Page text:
Apparently, coffee consumption can inhibit iron intake and in some cases is even linked to iron deficiency anemia, as Wikipedia says. It is unclear to me, however, how this happens. On the page about health effects of caffeine, I can't find anything about iron deficiency anemia. Some health blogs claim that both caffeine and other substances inhibit iron intake, but I couldn't find reliable sources (e.g. other than forum discussions and fact sheets like this which were compiled by a company selling coffee substitute) yet.

What substances in coffee inhibit the iron intake to which amount, and is decaffeinated coffee more beneficial in that respect than regular coffee?

1 Answer 1


Does coffee inhibit the absorption of iron? The answer appears to be yes (see links and references below). So does tea. Note that this does not have to do with caffeine, but rather polyphenols, phytates found in them. So, my answer would be that both regular coffee and decaf coffee inhibit iron, but I don't know whether one does so more than the other. Also, if you add milk to your coffee, that may also have some effect, because calcium inhibits iron absorption.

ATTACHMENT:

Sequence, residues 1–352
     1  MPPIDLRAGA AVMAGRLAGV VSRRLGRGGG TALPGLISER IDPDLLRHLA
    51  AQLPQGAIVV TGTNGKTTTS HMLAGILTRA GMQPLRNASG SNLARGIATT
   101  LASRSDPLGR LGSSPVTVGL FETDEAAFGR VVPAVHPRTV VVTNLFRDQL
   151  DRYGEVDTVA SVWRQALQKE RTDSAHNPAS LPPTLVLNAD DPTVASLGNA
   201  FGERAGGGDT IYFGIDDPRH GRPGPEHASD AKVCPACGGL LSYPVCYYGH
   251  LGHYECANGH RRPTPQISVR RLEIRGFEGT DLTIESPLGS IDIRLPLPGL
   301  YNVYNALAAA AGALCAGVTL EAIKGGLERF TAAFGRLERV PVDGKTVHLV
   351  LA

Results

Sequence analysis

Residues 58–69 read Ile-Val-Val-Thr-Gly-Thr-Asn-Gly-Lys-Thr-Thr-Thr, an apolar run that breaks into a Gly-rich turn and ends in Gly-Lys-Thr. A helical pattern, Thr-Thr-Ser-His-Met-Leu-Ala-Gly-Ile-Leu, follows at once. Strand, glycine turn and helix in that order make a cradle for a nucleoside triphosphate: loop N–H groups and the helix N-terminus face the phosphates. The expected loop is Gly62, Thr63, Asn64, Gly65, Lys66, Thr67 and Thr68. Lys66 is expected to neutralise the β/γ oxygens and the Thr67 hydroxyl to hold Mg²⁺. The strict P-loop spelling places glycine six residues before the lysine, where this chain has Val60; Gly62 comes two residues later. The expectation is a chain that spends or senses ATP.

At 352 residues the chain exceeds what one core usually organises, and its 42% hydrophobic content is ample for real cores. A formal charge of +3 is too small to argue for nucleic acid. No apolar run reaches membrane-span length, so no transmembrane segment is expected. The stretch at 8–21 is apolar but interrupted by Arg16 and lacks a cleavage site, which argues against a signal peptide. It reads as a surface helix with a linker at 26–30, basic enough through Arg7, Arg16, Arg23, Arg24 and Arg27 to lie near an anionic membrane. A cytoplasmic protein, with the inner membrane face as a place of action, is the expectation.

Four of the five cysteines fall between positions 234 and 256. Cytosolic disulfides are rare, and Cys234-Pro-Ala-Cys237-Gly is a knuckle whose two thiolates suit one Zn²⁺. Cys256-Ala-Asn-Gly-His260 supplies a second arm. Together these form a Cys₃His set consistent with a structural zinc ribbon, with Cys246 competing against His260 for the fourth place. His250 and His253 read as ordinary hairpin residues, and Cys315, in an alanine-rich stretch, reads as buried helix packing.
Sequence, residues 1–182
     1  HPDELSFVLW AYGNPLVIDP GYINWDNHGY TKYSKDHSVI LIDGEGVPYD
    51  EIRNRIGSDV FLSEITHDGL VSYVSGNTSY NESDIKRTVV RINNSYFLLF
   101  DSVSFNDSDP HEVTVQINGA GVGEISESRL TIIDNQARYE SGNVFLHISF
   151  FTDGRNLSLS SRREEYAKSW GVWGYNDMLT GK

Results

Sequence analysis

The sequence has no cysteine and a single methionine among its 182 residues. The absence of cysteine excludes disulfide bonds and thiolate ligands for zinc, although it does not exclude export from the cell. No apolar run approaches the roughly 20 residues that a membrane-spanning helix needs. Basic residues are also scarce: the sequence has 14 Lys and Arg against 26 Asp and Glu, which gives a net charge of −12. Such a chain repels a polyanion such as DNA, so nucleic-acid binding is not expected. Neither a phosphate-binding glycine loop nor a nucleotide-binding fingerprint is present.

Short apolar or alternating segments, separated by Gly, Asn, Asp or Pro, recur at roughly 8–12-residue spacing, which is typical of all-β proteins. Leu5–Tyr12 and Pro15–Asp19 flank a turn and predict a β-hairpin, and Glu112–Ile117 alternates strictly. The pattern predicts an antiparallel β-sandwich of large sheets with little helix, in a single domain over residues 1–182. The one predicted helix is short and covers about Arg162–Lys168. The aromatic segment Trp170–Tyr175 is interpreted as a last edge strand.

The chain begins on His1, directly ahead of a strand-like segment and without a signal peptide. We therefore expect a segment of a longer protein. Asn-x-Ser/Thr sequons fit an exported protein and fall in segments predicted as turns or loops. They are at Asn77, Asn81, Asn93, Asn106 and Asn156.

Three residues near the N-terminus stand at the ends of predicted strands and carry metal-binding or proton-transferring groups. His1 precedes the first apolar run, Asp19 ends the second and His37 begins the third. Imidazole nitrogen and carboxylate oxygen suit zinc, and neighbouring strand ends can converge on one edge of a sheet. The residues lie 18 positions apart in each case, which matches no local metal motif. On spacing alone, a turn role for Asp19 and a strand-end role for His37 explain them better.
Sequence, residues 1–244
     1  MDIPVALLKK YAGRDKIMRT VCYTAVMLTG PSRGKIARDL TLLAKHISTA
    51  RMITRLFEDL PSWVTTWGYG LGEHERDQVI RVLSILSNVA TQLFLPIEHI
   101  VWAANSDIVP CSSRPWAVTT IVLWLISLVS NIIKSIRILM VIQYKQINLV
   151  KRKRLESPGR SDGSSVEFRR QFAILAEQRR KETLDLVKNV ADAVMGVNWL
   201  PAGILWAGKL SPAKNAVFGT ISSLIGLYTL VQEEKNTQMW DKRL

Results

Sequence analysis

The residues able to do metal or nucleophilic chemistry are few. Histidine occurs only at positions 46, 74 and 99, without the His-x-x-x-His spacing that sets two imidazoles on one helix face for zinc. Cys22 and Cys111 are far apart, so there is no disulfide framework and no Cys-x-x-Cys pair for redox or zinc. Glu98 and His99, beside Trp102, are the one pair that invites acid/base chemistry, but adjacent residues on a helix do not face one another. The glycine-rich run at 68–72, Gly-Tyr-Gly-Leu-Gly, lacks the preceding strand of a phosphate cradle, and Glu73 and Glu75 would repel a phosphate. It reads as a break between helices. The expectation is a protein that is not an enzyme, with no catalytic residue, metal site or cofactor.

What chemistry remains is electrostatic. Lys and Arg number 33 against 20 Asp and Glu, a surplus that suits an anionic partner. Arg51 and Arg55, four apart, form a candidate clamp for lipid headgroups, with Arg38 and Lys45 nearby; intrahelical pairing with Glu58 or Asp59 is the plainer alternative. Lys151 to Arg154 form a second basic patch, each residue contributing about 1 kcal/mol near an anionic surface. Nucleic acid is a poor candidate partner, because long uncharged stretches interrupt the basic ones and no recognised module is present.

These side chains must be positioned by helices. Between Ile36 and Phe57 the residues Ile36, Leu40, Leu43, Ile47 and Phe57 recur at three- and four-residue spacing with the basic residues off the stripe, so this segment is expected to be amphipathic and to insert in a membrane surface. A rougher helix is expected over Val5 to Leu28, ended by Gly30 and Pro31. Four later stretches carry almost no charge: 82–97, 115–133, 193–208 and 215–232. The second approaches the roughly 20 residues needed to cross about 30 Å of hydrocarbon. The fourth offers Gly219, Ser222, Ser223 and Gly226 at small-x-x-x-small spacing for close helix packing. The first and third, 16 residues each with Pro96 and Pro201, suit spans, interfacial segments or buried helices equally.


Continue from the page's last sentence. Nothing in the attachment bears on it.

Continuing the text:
It also depends on whether it's heme iron (mostly from animals) or non-heme iron (from plant sources, iron fortified foods). This matters if you eat primarily a vegetarian diet, because the recommended intake for non-heme iron is 1.8 times, compared to those who eat meat . NIH's Iron Dietary Supplement Fact Sheet compiled a great literature review on iron intake. See also CDC.


Hurrell RF, Reddy M, Cook JD. Inhibition of non-haem iron absorption in man by polyphenolic-containing beverages. Br J Nutr. 1999;81:289–95.

Layrisse M1, García-Casal MN, Solano L, Barón MA, Arguello F, Llovera D, Ramírez J, Leets I, Tropper E. Iron bioavailability in humans from breakfasts enriched with iron bis-glycine chelate, phytates and polyphenols. J Nutr. 2000 Sep;130(9):2195-9.

Zijp IM1, Korver O, Tijburg LB. Effect of tea and other dietary factors on iron absorption. Crit Rev Food Sci Nutr. 2000 Sep;40(5):371-98.

  • A good answer, +1 :-) but I'd like to add that the situation is a bit more complicated with milk, because while calcium might impair the absorption of iron to a certain extent, proteins from milk precipitate some of the tannines (i.e. polyphenols) and might make them less available to precipitate iron. I don't think there is a specific study about this, but the case with adding milk is definitely not as straightforward as is may seem at first.
    – Lucky
    Sep 11, 2015 at 12:48

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